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A new review of more than 140 studies explores the physiological dangers that climate change will likely have on animal life, including humans. The review is published in the journal Physiology.
2018 was the fourth-warmest year on record, according to NASA scientists, and the majority of the hottest days on record occurred in the past decade. These data point to a trend of warmer temperatures and an increasing frequency and severity of heat waves well into the 21st century. The growing intensity of global warming increases the likelihood of heatstroke and related illnesses in people, as well as heat stress in animals on land, in the sea and in the air.
Populations - Frequency - Severity - Heat - Waves
"Animal populations are likely to respond to increased frequency and severity of heat waves by several different modes: movement, adjustment and death (or selection)," wrote Jonathon Stillman, Ph.D., author of the review. Stillman describes how species—including humans—are adjusting migration patterns, behavior and physiological characteristics to cope with an increasingly hotter climate.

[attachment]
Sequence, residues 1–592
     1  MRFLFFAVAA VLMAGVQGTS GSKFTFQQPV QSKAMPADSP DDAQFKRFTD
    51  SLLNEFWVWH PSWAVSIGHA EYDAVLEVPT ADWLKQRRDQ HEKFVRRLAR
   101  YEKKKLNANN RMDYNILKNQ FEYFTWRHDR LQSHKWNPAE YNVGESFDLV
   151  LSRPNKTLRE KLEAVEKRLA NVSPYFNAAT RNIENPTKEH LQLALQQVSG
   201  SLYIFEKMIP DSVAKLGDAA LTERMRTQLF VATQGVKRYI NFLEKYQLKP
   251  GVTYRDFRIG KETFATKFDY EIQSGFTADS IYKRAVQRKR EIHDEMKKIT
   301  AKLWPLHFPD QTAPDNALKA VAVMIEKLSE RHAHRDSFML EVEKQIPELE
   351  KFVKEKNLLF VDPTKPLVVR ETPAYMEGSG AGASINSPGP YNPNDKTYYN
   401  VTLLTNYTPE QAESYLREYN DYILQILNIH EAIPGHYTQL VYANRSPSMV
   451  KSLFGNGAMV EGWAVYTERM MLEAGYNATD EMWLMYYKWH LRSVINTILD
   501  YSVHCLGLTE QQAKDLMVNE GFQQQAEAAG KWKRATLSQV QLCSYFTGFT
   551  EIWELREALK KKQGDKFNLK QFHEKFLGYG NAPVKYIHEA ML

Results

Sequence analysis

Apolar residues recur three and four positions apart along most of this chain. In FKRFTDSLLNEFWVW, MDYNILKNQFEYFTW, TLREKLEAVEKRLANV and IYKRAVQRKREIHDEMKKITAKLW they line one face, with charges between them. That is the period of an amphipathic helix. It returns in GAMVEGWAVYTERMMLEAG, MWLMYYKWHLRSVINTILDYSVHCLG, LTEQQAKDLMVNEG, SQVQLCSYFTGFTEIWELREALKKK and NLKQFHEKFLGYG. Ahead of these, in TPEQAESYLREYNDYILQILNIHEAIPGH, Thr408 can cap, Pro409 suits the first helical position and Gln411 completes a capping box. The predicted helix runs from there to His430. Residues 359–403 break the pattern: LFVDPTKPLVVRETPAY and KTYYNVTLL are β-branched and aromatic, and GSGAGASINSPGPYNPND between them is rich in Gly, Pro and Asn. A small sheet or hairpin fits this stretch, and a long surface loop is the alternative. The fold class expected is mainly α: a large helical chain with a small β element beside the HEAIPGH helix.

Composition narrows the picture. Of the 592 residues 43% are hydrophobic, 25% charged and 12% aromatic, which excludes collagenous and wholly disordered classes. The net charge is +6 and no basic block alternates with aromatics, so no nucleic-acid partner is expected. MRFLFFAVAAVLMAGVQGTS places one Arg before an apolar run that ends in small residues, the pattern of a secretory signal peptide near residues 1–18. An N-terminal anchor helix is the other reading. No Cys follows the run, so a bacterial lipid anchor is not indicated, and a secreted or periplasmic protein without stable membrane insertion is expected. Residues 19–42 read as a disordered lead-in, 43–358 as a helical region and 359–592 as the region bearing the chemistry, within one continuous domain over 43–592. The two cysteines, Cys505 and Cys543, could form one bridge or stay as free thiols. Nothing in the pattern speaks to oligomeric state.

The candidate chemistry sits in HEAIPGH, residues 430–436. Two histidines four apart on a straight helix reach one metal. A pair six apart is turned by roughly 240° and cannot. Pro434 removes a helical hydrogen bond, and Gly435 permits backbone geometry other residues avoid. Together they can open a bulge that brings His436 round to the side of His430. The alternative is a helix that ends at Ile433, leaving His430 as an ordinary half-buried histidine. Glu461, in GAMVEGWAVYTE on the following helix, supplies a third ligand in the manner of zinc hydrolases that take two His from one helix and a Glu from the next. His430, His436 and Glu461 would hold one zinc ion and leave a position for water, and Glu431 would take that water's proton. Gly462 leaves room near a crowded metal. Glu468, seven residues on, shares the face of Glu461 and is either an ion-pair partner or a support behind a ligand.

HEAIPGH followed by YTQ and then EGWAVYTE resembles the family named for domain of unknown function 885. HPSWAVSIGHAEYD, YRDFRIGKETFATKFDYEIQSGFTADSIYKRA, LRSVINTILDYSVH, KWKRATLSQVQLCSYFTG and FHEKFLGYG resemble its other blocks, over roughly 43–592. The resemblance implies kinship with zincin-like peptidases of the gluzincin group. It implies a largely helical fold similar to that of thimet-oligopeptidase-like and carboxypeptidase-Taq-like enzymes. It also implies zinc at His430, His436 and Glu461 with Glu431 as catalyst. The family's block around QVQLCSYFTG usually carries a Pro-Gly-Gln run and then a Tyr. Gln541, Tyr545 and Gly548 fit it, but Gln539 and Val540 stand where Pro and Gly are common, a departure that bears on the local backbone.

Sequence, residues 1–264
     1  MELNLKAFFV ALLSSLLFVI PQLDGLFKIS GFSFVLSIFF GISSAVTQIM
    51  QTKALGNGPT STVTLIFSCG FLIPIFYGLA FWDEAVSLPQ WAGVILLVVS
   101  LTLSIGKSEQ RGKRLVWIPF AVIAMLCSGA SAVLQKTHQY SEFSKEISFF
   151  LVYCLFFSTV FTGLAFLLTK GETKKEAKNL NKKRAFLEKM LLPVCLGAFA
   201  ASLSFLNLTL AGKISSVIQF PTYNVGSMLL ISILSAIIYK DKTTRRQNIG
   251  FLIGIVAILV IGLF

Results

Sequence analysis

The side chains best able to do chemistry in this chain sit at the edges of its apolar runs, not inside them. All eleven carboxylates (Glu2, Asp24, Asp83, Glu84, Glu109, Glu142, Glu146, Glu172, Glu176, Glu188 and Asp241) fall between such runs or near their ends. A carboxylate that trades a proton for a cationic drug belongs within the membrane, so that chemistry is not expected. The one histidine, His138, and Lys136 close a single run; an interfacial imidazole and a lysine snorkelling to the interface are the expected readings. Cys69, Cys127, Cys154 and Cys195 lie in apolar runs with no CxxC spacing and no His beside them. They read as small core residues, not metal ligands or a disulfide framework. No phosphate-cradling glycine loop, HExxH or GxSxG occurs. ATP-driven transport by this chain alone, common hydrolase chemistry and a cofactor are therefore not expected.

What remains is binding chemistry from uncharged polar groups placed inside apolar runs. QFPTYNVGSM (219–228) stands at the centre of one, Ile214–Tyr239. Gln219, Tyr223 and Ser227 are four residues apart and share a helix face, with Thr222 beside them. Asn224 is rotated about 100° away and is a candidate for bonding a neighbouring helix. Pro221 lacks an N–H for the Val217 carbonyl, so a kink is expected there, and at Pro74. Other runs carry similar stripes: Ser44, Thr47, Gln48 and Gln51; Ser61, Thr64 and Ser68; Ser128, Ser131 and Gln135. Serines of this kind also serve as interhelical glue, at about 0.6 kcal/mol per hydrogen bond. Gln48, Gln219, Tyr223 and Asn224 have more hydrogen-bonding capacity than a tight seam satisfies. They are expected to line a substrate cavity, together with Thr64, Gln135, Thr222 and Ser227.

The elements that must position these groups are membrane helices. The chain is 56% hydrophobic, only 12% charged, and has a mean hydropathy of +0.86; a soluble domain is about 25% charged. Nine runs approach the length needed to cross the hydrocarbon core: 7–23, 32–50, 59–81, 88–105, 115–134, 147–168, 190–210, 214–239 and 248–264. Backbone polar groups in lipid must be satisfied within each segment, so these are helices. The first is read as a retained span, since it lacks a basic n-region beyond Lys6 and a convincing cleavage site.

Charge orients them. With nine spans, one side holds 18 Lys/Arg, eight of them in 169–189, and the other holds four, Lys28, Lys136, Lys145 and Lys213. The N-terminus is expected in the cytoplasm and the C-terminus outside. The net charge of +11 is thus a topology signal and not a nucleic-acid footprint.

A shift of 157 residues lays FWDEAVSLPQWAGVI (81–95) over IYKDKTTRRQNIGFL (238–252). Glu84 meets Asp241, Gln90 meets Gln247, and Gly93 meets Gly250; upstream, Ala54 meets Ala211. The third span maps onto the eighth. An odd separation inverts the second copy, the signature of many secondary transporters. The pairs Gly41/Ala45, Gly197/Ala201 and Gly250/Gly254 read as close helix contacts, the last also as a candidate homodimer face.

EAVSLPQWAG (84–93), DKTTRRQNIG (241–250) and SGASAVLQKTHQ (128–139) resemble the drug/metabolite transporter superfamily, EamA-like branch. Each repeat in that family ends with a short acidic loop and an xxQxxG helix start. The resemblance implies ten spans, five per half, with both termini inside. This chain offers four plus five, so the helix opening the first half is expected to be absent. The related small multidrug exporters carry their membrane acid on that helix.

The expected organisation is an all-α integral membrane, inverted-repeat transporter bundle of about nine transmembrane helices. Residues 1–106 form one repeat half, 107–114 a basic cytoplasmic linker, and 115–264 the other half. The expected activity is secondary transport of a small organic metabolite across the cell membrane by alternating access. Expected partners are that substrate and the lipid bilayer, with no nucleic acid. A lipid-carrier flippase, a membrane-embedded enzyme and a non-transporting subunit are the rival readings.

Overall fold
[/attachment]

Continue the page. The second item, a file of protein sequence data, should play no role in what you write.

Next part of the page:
Migration: Many species alter their seasonal patterns of movement—also known as migration—to avoid locations that are too hot. Some migratory species of birds and fish may settle in areas that, due to global warming, are no longer too cold.
Behavioral - Changes - Shifts - Response - Heat
Behavioral changes: "Behavioral shifts in response to extreme heat in endothermic homeotherms (i.e., birds, mammals) are most likely to increase the time spent evaporatively cooling (e.g., sweating, panting, gular fluttering, swimming), with an [accompanying] increase in water demands,"...
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